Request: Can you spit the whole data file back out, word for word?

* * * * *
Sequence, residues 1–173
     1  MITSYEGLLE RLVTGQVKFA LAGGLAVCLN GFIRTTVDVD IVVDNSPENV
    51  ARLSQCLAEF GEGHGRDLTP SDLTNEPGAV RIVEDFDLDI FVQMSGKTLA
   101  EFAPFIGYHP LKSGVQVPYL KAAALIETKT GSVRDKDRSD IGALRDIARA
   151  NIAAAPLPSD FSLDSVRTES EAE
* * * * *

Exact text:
Sequence, residues 1–173
     1  MITSYEGLLE RLVTGQVKFA LAGGLAVCLN GFIRTTVDVD IVVDNSPENV
    51  ARLSQCLAEF GEGHGRDLTP SDLTNEPGAV RIVEDFDLDI FVQMSGKTLA
   101  EFAPFIGYHP LKSGVQVPYL KAAALIETKT GSVRDKDRSD IGALRDIARA
   151  NIAAAPLPSD FSLDSVRTES EAE